ABBA for Orchestra
Carl Davis, conductor
Abba, from winning the Eurovision Song Contest in 1974 were to become one of the most popular groups of all time. Carl Davis saw the performance that night and admired the cleverness of the arrangement, the composition, and the sheer cheekiness of their presentation. Forty years later, their music lives on and he decided, having taken soundings from colleagues and industry representatives, to make an Abba for Orchestra CD.
Abba 1974 –1982: I am dating this CD not from when the four members met and began to collaborate and love each other but from the year that they triumphantly won the Eurovision Song Contest. It was then that they gained the attention of European music lovers and eventually the rest of the world.
An early addict of Eurovision, I saw the broadcast that night and admired the cleverness of the arrangement, intrinsic with the composition as well as the sheer cheekiness of their presentation. Forty years later, their music lives on. When Jessie Stevenson, Chris Egan and I planned the album, I took further soundings from colleagues and friends. “You know, I have a Beatles for Orchestra CD and a Bond for Orchestra as well. Now I have made an Abba for Orchestra CD.” A crash of cymbals, increased pulse rate and a moistening of the eyes. There was an expression I have seen only when I mention bullfighting to a Spaniard. What is it that brings on that special reaction from so many folk? I think it is a combination of elements that produced such a unique result. I’ll try to break it down. Of primary importance is the repertoire, all purposely conceived for the group by composer Benny Andersson and lyricist Björn Ulvaeus. Sweden has a long history of singer songwriters, the best known is the 18th Century composer, Karl Bellman, who sang of alcohol and prostitutes, with deep regret. The compositions of Benny Andersson have a firm classical basis with clear harmonic progressions, dazzling and accurate finger work knitted together by a rock solid rhythm section and those gorgeous melodies. What alchemy was required to join up those tunes with apt lyrics from Björn Ulvaeus especially as English was not his first language? The greater burden of singing these melodies fell upon the two female vocalists, soprano (Benny’s words) Agnetha Fältskog and mezzo-soprano, Anni-Frid Lyngstad. All four were practised performers and had recorded before they met. That all-important night in Brighton bespoke a confidence that only years of hard work could produce. The combined voices of the two women shone out, sometimes like trumpets and sometimes sad with deep pain. At times the close harmonies resembled Phil Spector’s “Wall of Sound”, although Benny is quoted as being influenced by The Mamas and the Papas.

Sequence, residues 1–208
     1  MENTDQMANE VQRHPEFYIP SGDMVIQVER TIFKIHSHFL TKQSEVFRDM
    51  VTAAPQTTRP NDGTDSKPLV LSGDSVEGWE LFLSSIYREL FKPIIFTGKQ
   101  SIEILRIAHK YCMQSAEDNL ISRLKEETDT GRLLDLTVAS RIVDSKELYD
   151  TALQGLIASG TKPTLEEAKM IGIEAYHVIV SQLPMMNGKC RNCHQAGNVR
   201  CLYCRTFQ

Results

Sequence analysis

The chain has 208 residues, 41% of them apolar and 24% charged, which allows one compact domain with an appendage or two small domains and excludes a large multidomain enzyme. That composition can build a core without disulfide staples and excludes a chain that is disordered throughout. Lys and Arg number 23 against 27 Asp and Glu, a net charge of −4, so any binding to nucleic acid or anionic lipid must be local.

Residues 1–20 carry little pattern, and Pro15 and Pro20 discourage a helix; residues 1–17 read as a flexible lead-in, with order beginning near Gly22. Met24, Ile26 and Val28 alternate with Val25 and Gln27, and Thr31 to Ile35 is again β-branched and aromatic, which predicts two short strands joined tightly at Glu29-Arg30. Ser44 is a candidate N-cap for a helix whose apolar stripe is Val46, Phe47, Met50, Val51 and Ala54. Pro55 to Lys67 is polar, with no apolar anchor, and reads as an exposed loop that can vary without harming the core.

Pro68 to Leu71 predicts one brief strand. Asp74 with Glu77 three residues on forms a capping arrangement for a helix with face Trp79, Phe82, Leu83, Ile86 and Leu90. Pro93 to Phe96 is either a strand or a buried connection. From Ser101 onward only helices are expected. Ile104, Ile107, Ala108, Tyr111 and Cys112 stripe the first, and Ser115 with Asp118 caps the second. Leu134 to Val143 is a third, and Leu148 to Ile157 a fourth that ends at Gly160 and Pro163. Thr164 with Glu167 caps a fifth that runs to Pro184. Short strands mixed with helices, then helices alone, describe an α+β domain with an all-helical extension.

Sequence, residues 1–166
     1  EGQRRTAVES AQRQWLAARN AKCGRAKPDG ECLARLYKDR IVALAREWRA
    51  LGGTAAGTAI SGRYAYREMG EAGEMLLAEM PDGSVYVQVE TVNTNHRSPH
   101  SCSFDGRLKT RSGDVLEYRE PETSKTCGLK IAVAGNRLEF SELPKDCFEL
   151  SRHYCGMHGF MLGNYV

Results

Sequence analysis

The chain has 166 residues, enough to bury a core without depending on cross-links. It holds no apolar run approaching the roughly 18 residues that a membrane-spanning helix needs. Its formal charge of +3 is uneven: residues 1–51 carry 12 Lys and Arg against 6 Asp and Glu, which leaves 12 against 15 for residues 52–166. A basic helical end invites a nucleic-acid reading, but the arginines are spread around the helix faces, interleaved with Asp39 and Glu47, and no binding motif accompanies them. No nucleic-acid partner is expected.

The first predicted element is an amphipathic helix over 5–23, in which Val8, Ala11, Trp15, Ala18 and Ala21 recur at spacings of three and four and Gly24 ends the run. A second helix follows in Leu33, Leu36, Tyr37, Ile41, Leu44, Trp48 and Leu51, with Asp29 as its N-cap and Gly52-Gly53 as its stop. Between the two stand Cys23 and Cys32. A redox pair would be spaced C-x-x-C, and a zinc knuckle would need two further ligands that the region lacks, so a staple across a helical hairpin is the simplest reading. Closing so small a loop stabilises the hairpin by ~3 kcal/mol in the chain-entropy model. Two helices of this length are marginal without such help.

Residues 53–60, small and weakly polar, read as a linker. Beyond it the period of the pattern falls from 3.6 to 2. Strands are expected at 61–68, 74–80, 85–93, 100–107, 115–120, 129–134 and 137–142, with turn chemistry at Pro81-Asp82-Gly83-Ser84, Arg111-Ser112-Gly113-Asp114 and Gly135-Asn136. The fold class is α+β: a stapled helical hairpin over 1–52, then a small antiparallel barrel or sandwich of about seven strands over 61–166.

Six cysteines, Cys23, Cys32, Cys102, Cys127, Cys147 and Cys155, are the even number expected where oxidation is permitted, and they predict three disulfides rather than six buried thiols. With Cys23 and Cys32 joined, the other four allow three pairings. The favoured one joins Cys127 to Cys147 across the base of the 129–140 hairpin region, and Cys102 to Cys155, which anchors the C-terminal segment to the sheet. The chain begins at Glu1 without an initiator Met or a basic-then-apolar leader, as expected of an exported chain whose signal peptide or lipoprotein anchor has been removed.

The third factor and most important…luck! Just as the Beatles had Brian Epstein and George Martin to shape their career, so Abba had Stig Anderson to steer theirs. After the breakup of the group, they all continued their separate careers (Agnetha released a critically praised album in 2013). The whole Abba catalogue just won’t lie down, with the Abba Gold CD and the global triumph of both the stage and film version of Mamma Mia.
Given that in our technological age the original tracks are immediately available, I thought it was valid to create purely instrumental versions and reveal the great qualities of the songs of Andersson and Ulvaeus with a large symphony orchestra in tow: the magnificent Philharmonia.
2014 sees the release of the third CD dedicated to the phenomena of three important 20th century (mostly) pop song catalogues: The Beatles1962 –1970, the Bond films 1962 – onwards and Abba 1974–1981. Always as much interested in pop music and jazz as the classics, when my conducting career took off, I programmed my favourite pop material generously. With the advent of downloading, I thought to record a new and ingenious take on them. New arrangements could throw a new light on the beauty, verve, the originality of the melodies and striking harmonic progressions, the attack of the fast numbers and the dark sensuality and sensitivity of the ballads. From the first breakthrough hits, The Beatles’ Love Me Do, Monty Norman’s theme for Dr No the first James Bond film and Abba’s Waterloo, it was clear that in each case we were breaking new ground and the world welcomed and relished every new release thereafter. The Beatles and Abba wrote, composed, and performed their own material. James Bond is in a different category, being a seemingly endless series of spy thrillers and scored by many composers (although John Barry dominated its first decades). Abba in all its loveliness just rolls on and on.
6 January, 2014
Download the complete album (MP3) - £5.99
|4||Money Money Money||[3:11]||£0.99|
|5||The Winner Takes it All||[5:03]||£0.99|
|6||Gimme! Gimme! Gimme (A Man After Midnight)||[4:47]||£0.99|
|9||I Do I Do I Do I Do I Do||[3:29]||£0.99|
|11||Lay All Your Love On Me||[4:24]||£0.99|
|12||I Have A Dream||[4:37]||£0.99|
|13||One Of Us||[4:15]||£0.99|
|14||Thank You For The Music||[4:01]||£0.99|